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Soil nitrogen undergoes a series of chemical and biological transformations, which influence their availability to plants and the leaching losses. Methods for measuring various forms of nitrogen in soil are important in order to improve N management and to minimize losses of essential nutrients in soils.  In the present study 0.01 M CaCl 2 extraction was used to determine the concentrations of ammonium, nitrate and N-organic forms, as these are closely related to the N mineralization potential of the soil and play a major role in nitrogen availability to plants. Improving the precision of nitrogen requirement estimation is essential for increasing the efficiency and minimizing potential losses of nitrogen in agricultural production. A better knowledge of the plant-availability of nitrogen may help improve the efficient use of fertilizers and organic manure. In the present study the amounts of N-NO 3 , N-NH 4 and N organic were studied in Westsik's crop rotation experiment. The crop rotation experiment was established in 1929, and is the best known and most remarkable example of continuous production in Hungary, enabling the study of the long-term effects of organic manure treatment, the development of models and the prediction of the probable influences of different cropping systems on soil properties and crop yields in the Nyírség (sandy soil) region of Hungary.  The study aimed the optimization of the fertilizer recommendation system by considering the soil N-organic content as a measurement of site-specific mineralization potential. The 0.01 M CaCl 2 extraction method measures soluble organic N compounds that are related to the mineralization of organic nitrogen in the soil.  The introduction of this concept can possibly result in a more environment-friendly nitrogen fertilization, without negative effects on the yield or the quality of produced crops. Taking practicability and costs into consideration, the 0.01 M CaCl 2 extraction method is suitable for the routine analysis of measuring easily available organic nitrogen.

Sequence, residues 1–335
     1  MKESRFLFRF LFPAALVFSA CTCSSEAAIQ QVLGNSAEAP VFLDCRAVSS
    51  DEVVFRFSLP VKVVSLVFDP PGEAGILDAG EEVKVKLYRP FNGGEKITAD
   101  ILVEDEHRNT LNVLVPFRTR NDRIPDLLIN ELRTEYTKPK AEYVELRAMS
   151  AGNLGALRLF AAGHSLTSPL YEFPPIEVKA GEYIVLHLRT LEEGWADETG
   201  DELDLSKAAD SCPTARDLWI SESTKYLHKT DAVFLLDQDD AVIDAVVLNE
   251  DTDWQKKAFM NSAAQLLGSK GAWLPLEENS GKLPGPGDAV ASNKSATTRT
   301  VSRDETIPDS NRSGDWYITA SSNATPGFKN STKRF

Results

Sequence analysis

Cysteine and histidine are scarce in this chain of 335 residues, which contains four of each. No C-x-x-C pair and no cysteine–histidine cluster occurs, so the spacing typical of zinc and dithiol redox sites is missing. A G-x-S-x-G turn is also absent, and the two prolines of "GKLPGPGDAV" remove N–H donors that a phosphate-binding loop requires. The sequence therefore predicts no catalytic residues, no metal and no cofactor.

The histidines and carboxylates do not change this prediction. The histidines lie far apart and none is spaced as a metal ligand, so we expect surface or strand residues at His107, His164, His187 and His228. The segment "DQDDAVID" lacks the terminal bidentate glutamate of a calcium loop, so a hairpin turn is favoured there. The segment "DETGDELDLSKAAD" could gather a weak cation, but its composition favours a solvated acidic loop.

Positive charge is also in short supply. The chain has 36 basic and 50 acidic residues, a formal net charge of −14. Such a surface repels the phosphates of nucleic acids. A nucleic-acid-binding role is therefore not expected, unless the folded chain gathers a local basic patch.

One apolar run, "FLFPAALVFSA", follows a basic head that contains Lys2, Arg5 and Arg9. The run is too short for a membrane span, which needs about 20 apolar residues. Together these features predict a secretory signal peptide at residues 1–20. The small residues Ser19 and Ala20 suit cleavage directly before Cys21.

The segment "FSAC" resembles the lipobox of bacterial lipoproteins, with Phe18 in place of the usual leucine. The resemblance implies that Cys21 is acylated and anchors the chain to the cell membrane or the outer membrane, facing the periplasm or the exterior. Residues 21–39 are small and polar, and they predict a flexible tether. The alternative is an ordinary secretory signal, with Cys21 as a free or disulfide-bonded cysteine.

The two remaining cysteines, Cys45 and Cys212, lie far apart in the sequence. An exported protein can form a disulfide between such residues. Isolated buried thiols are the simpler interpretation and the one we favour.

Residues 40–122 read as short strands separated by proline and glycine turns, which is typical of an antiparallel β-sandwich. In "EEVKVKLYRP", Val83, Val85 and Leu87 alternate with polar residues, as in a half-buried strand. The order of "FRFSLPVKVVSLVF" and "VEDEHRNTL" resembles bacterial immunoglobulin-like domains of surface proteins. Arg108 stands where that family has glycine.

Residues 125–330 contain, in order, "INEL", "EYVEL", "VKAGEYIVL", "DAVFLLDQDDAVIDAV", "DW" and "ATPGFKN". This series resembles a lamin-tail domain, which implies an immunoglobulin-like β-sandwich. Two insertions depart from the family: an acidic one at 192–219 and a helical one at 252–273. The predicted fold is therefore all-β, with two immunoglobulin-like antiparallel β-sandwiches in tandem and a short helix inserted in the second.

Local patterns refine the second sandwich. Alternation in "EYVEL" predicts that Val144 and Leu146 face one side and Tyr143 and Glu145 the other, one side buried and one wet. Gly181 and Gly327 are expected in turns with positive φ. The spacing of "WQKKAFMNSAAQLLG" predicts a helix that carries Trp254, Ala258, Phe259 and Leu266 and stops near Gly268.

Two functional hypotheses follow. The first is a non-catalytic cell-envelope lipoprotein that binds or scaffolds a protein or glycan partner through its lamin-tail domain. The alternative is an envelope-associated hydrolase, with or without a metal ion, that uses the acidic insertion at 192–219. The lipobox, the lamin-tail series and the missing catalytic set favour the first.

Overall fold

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Arbuscular mycorrhizal (AM) fungi are obligatory biotrophic symbionts living in the roots of most terrestrial plants. AM fungi (AMF) have a positive effect on plant growth and plant nutrition, especially under stress conditions.  The aim of the present study was to observe the relationship between the mycorrhizal dependency and nutrient uptake of host plants and the rate of AMF colonization in a pot experiment. The degree of host growth responses to AMF colonization is expressed as mycorrhizal dependency (MD).  The pot trial was set up with a sterilized calcareous chernozem soil from Nagyhörcsök (Hungary) in a growth chamber under controlled climatic conditions. Tomato (Lycopersicon esculentum L.) plants were inoculated with Glomus claroideum (BEG23) , Glomus fasciculatum (BEG53), Glomus geosporum (BEG11), Glomus mosseae (BEG12) strains and a Glomus mosseae AMF culture produced by authors. The dry biomass production, the micro- and macronutrient concentrations of the shoots and the parameters of the mycorrhizal infection were determined. Each AM fungi species or isolate caused different and distinct changes in host plant growth and nutrient uptake. The biomass production of tomato increased significantly in the presence of AM symbiosis. The mean values of MD, calculated from shoot dry matter, varied between 36% and 55%. Mycorrhizal inoculation improved the P, N and K uptake of tomato. The highest values for root colonization, frequency of infection or arbuscular richness were found in the root of tomato inoculated with the two Glomus mosseae strains. The highest MD and nutrient contents appeared in the shoot of tomato treated withour Glomus mosseae strain, which may indicate a stronger affinity (compatibility) between the symbiotic partners. The results confirmed that the selected AMF strains are applicable in sustainable horticulture.

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From Hernádszentandrás to BioSzentandrás

An example of a sustainable bio-farm in Hungary

Acta Ethnographica Hungarica
Author: Anikó Báti

: W. W. Northon and Company . Csete , László – Láng , István 2005 A fenntartható agrárgazdaság és vidékfejlesztés [Sustainable Agricultural and Rural Development]. Budapest: MTA Társadalomkutató Központ. Csurgó , Bernadett – Megyesi

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infection, nutrient efficiency and plant growth by Azotobacter in wheat: Evidence of varietal effects. pp. 136–147. In: Narula, N. (ed.), Azotobacter in Sustainable Agriculture . CBS Publishers, New Delhi, India

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The application of commercial rhizobial inoculants to legume crops is proving to be an alternative to synthetic fertilizer use. The challenge for sustainable agriculture resides in the compatibility between crop, inoculants and environmental conditions. The evaluation of symbiotic efficiency and genetic diversity of indigenous rhizobial strains could lead to the development of better inoculants and increased crop production. The genetic variability of 32 wild indigenous rhizobial isolates was assessed by RAPD (Random Amplified Polymorphic DNA). The strains were isolated from red clover (Trifolium pratense L.) nodules from two distinct geographical regions of Northern and Eastern Romania. Three decamer primers were used to resolve the phylogenetic relationships between the investigated isolates. Cluster analysis revealed a high diversity; most strains clustered together based on their geographical location.